Art Adams explains what happens when you stack several pattern-making devices (cookies) in front of a light.

I love stacking cucolorii (plural of “cucoloris”) and I thought it was time to write an article about how this technique works and why I like it so much. I was a bit stretched for ideas that would illustrate this concept… and then an eclipse happened. Why that made a difference is a very interesting story…

First of all, if you don’t know what a cucoloris (AKA “cookie”) is, look here.

Nature abhors a flatly-lit surface. Negative space in a composition can be stunning but generally our brains prefer variety to plainness. Legend has it that the first cucoloris was invented when the shadow of a ladder fell across a bed by accident, and the cameraman liked it so much he started hanging ladders in front of his lights. At some point his crew said “Enough!” and cut a bunch of random shapes into a piece of wood.

Cookies aren’t the only way to break up flatly-lit surfaces. I’ve seen crews use textured fabrics stretched across 4’x4’ frames to create an almost imperceptible shadow texture on blank walls. I’m also a fan of LightBreaks. I’ve used all sorts of random objects to create interesting textures, including empty milk crates, glass bowls and random bits of tape on windows.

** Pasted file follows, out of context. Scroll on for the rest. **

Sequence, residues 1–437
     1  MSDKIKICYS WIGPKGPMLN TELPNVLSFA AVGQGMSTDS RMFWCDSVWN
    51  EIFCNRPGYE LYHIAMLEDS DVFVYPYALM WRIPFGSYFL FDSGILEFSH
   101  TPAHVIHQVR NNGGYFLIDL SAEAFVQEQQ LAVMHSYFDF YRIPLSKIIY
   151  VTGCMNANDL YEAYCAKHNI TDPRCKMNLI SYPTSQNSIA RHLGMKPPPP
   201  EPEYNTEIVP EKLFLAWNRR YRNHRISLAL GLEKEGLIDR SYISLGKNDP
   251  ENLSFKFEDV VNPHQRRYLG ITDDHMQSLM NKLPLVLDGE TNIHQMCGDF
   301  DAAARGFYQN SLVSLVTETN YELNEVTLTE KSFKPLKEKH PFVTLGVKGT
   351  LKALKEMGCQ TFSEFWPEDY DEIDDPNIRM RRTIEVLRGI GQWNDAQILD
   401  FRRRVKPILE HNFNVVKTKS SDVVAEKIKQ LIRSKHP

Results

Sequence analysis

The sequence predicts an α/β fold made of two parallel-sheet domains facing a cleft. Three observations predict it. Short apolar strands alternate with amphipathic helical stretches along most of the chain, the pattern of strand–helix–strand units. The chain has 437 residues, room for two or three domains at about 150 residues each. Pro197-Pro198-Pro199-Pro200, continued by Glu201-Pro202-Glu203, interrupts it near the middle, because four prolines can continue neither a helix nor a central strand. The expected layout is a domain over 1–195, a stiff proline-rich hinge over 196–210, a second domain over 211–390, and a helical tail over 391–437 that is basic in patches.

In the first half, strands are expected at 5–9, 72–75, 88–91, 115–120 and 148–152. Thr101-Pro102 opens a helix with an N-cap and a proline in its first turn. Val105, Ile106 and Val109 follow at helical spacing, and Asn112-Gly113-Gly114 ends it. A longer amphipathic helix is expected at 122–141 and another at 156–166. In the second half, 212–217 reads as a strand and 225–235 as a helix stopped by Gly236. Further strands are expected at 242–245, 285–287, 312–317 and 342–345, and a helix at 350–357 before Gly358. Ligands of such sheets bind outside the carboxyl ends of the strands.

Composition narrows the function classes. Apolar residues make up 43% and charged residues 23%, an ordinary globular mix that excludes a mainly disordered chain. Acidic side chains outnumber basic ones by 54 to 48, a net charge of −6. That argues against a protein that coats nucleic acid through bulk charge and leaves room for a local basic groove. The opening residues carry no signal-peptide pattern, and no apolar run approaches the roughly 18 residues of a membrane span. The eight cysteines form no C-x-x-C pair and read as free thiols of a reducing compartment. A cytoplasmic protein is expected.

For a number of years I shot a lot of corporate videos, and those were a great training ground as I could try out sophisticated lighting techniques without fear of failure—because, if I failed, I was the only one who noticed. The cornerstone of corporate video production is the “talking head” video, and often the most interesting thing in a talking head video is the background. I’d often find myself in a white conference room with blank walls and it was quite a mental workout to try to create a background that didn’t look like… well, a white conference room with blank walls. I’d empty equipment cases looking for something that would cast an interesting shadow.

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